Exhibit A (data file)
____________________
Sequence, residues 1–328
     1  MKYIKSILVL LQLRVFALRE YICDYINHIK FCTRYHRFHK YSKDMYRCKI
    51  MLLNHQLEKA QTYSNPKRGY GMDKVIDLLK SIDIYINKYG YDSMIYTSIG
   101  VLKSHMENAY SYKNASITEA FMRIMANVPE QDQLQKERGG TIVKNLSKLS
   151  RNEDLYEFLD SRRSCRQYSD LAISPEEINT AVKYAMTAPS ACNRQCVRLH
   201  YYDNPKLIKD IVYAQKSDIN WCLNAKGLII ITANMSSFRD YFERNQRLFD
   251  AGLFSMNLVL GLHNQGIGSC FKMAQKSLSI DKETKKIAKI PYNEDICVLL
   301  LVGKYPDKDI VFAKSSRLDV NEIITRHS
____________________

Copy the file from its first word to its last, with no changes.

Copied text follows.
Sequence, residues 1–328
     1  MKYIKSILVL LQLRVFALRE YICDYINHIK FCTRYHRFHK YSKDMYRCKI
    51  MLLNHQLEKA QTYSNPKRGY GMDKVIDLLK SIDIYINKYG YDSMIYTSIG
   101  VLKSHMENAY SYKNASITEA FMRIMANVPE QDQLQKERGG TIVKNLSKLS
   151  RNEDLYEFLD SRRSCRQYSD LAISPEEINT AVKYAMTAPS ACNRQCVRLH
   201  YYDNPKLIKD IVYAQKSDIN WCLNAKGLII ITANMSSFRD YFERNQRLFD
   251  AGLFSMNLVL GLHNQGIGSC FKMAQKSLSI DKETKKIAKI PYNEDICVLL
   301  LVGKYPDKDI VFAKSSRLDV NEIITRHS